Latin America

There’s 100% chance that Brazil’s President Michel Temer will leave before end of mandate: Analyst

Brazilian uncertainty opens up opportunities for investors: Pro
Brazilian uncertainty opens up opportunities for investors: Pro

The latest political scandal to hit Brazil is likely to put an end to President Michel Temer's term before the end of 2018, an analyst told CNBC on Monday.

Michel Temer has been under growing pressure to resign since new corruption allegations emerged last week. Temer said a tape, which appeared to show the president condoning the payment of hush money to a lawmaker, was doctored. Anti-Temer protestors took to the streets over the weekend and Brazil's bar association has voted to back Temer's impeachment.

"Very few people believe that he's going to stay in until the end of his term in end of 2018," Marcos Casarin, head of Latin America macro research at Oxford Economics, told CNBC, stating that there's a "100 percent" chance Temer will leave before the end of his mandate.

"He's obviously going to deny the facts but the recordings are quite conclusive and they were made public on Thursday evening and Friday and I think everyone has made up their minds and had enough time to digest the news," Casarin said.

Temer took the helm of the Brazilian presidency following the impeachment of former President Dilma Rouseff, also due to bribery allegations.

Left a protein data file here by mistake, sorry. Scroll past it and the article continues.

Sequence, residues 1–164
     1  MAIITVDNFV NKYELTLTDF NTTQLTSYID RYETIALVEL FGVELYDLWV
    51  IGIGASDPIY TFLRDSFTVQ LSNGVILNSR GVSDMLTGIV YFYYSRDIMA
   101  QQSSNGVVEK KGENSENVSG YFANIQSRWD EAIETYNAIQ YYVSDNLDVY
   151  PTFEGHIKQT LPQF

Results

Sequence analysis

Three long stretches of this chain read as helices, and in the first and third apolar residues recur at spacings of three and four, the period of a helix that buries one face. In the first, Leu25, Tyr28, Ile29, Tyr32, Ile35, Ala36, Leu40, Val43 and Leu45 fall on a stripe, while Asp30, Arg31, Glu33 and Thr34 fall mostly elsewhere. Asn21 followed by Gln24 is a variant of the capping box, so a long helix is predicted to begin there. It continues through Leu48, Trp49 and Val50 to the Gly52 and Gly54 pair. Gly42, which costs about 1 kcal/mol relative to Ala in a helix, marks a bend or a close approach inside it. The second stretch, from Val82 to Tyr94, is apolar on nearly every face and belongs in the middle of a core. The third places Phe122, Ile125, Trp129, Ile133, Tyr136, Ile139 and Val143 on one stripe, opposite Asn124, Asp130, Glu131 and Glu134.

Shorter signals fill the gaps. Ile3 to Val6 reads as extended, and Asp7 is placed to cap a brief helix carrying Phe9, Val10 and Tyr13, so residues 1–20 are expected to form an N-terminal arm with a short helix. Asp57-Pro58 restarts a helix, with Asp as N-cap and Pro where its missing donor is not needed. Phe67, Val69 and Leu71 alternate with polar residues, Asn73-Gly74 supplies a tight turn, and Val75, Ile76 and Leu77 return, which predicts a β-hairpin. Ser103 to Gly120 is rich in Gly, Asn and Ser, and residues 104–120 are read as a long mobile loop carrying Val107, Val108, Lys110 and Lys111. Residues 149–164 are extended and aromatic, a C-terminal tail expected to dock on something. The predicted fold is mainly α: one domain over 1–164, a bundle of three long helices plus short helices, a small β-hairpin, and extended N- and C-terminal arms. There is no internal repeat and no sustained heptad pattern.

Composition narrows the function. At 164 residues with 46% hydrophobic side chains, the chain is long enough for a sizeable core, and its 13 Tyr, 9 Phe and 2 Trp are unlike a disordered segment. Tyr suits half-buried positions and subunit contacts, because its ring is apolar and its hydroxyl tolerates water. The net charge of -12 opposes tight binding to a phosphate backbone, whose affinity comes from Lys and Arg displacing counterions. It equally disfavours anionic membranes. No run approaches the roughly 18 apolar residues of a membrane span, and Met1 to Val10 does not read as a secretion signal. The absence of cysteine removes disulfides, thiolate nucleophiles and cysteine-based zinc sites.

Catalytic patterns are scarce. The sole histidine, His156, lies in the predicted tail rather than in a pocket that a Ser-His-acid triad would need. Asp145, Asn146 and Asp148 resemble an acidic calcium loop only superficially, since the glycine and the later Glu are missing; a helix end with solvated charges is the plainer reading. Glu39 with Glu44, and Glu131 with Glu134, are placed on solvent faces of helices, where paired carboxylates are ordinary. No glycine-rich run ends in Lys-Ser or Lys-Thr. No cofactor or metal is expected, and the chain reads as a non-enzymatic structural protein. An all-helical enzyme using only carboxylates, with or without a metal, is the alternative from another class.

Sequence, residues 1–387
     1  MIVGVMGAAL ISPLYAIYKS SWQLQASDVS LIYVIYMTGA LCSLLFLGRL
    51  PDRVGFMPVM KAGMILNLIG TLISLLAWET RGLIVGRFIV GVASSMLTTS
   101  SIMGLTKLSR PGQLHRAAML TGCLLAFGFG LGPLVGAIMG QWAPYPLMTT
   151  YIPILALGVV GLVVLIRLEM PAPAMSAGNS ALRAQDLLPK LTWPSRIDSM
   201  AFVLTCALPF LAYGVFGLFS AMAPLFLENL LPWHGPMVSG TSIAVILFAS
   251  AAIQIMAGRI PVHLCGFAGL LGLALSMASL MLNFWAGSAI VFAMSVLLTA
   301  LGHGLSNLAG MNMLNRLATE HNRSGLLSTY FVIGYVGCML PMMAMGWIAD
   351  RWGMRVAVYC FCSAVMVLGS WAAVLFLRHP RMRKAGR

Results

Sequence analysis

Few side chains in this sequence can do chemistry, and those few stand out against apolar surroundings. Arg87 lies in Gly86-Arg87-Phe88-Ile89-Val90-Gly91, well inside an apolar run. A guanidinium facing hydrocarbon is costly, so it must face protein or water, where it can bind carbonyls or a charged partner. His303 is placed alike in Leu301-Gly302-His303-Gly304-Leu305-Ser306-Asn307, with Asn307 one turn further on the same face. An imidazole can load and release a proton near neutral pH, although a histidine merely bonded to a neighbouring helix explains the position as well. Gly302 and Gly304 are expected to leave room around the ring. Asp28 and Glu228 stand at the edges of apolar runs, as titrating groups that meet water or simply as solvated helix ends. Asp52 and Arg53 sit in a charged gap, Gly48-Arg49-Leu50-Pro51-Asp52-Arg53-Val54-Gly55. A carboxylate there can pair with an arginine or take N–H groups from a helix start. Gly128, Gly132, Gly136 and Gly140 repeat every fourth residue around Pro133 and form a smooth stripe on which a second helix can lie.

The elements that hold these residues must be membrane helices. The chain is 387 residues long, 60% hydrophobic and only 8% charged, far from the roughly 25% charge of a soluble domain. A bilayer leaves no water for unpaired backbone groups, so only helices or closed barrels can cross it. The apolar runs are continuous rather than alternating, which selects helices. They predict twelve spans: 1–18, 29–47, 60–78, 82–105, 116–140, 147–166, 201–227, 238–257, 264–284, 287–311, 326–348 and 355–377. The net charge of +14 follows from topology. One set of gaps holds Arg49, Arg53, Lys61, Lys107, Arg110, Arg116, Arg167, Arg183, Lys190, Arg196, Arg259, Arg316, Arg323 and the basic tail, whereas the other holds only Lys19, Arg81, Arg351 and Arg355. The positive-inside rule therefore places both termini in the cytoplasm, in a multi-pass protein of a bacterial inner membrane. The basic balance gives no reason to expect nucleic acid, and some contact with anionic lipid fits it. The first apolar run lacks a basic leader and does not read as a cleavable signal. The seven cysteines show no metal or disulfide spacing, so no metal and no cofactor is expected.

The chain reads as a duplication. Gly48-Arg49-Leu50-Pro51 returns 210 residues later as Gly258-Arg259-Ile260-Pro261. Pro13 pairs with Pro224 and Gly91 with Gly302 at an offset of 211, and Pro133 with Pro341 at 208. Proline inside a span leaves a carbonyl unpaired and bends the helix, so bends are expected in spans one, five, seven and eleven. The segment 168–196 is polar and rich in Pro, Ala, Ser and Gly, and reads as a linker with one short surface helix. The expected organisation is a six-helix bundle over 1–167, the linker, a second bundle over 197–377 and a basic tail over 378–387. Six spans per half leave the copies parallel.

Market reaction

The fresh round of political turmoil in Brazil sent assets lower last week, with state-owned firms Petroleo Brasileiro (Petrobras) and Banco do Brasil being hit the most.

However, Casarin believes that the political scandals do not mean lack of opportunities for investors.

"It opens opportunities for investors because Brazilian assets have undergone a massive rally since the start of the year, pretty much since Trump's election…these assets are substantially cheaper right now," he noted.

Assuming Temer leaves office before 2018, Brazil has more chances to push through key reforms, he said.

"Having a president that's weakened isn't necessarily good so having another president that is market friendly and (or) a technical guy who could push through reforms and put the congress together to try to vote the reform agenda before 2018 elections (is good for markets,) he added.

According to IG, the Brazilian benchmark is expected to open slightly lower on Monday, after having hitting a 9-year low last week.